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Expert Discusses Promise of Novel Sarcoma Vaccine and Other Ongoing Research in the Field

Danielle Ternyila
Published Online:3:30 PM, Fri March 30, 2018

Seth M. Pollack, MD
Seth M. Pollack, MD, has one of the only labs in the United States that is focused primarily on immunotherapy treatments for various types of sarcoma. Most recently, his lab has been working with Immune Design on clinical trials for a sarcoma vaccine, CMB305, which is targeted at the NY-ESO-1 protein.

His group’s research also focuses on investigating the microenvironments of different sarcoma subtypes to better understand how immune cells attract inside the tumor. These findings have become useful when studying potential immunotherapy treatments for specific sarcoma subtypes, Pollack says.

In an interview with Targeted Oncology, Pollack, assistant member, Clinical Research Division, assistant professor, Division of Oncology, University of Washington, and attending physician at Seattle Cancer Care Alliance, discussed some of the advancements his lab is making in the field of sarcoma.

TARGETED ONCOLOGY: Can you share some of the research you are working on in your lab?

Pollack: My lab focuses on immunotherapy for sarcoma, and we got started by being very focused on NY-ESO-1. NY-ESO-1 is a protein made by certain types of synovial sarcoma. One of the earlier discoveries our lab made was that another type of sarcoma called myxoid/round cell liposarcoma almost always expresses this protein as well. This protein is a really good target for immunotherapy. It’s been known for a long time to be expressed by a small percentage of many different kinds of cancers, but in these 2 sarcomas, it’s expressed almost always. When it’s expressed, it’s expressed really strongly throughout the whole tumor. From our studies, we were able to develop ways to isolate T cells to target the NY-ESO-1 from the blood of these patients.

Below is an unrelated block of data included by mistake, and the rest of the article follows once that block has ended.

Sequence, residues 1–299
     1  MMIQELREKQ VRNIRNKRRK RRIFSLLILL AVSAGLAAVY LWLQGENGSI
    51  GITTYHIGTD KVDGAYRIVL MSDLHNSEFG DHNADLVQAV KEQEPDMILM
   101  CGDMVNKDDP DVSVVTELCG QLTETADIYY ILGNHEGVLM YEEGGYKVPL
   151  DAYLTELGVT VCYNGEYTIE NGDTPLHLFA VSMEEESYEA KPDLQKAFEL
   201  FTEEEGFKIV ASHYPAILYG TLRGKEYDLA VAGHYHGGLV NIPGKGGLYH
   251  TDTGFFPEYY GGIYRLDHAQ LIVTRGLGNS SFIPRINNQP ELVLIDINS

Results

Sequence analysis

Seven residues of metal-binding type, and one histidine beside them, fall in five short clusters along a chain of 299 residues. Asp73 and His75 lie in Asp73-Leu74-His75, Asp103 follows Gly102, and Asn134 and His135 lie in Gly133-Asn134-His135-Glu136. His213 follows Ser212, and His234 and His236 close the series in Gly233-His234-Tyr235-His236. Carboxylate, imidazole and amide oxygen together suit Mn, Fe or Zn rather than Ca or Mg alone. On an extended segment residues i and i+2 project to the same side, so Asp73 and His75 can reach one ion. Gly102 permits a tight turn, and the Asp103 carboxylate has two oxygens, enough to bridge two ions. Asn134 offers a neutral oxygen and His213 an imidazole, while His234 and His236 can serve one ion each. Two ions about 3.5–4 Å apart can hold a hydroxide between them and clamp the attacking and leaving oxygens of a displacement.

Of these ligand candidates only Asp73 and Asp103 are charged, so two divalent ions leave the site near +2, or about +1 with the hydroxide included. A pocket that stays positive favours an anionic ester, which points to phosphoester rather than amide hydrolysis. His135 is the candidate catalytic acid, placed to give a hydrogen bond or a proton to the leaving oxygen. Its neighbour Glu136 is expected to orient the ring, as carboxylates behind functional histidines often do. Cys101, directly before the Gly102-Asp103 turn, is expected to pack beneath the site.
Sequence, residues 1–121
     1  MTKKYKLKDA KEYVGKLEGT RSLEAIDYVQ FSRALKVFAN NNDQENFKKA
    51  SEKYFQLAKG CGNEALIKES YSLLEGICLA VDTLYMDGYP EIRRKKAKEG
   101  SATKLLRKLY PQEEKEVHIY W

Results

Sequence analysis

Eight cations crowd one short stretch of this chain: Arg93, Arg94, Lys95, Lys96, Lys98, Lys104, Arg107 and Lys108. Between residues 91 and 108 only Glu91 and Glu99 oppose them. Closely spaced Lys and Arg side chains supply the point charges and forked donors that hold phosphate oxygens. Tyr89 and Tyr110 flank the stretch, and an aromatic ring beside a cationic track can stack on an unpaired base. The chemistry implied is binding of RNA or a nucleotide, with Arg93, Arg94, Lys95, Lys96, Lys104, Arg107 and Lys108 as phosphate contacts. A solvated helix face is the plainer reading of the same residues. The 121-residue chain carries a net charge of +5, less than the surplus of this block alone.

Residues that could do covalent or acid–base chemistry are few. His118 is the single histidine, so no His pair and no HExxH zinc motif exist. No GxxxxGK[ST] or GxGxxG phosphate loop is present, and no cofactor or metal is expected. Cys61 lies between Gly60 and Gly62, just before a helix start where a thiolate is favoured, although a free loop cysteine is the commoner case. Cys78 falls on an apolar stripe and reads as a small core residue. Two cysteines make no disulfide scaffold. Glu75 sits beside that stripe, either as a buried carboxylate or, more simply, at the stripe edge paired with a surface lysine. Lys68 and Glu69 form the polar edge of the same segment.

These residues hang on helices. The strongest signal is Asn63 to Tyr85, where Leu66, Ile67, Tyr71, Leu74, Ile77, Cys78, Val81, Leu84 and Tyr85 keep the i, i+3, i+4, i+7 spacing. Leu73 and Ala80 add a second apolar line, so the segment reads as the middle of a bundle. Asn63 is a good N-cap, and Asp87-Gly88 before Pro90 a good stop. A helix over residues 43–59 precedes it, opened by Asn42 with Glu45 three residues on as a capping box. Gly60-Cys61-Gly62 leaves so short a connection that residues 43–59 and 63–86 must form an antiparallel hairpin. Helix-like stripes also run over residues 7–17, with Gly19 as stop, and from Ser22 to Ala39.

We have a trial where we treated patients with these T cells, and we found that even though some of these patients had their tumors shrink, they didn’t shrink completely or in a way that was durable. This led us to study what was happening inside the tumor in the microenvironments, to try and understand how immune cells in the tumor attract. We looked at a number of different sarcoma types for this and we found that certain sarcomas have very inflammatory microenvironments, for example, undifferentiated pleomorphic sarcomas have relatively inflamed microenvironments, where certain sarcomas have a type of very quiet microenvironment, like synovial sarcoma and myxoid/round cell liposarcoma. That’s sort of the basis for a lot of what we are doing now.

TARGETED ONCOLOGY: Can you discuss the sarcoma vaccine you are currently working on?

Pollack: The vaccine is made by a company called Immune Design. It’s the first-ever vaccine for cancer that’s made from a lentivirus. Lentivirus is a special kind of virus that is a live virus vaccine, engineered so that it only affects the dendritic cells, which are the cells that tell the rest of the immune system where to go. This isn’t my trial, but we have been very involved in it. We’ve helped design the trial and participated in moderating in my lab so it helps Immune Design figure out whether the patients’ T cells were actually responding to NY-ESO-1.

In the first trial of this vaccine, it definitely seemed that most of the patients had responses against NY-ESO-1 after treatments. In particular, there was one patient that had nearly a complete response, over 85% tumor reduction that’s continuing over 3 years after she had the vaccine. That’s not the typical response, but that is what is possible with the vaccine. This vaccine is getting ready to be in a phase III trial that’s going to be nationwide and including Europe and Asia. That is something we are really excited about.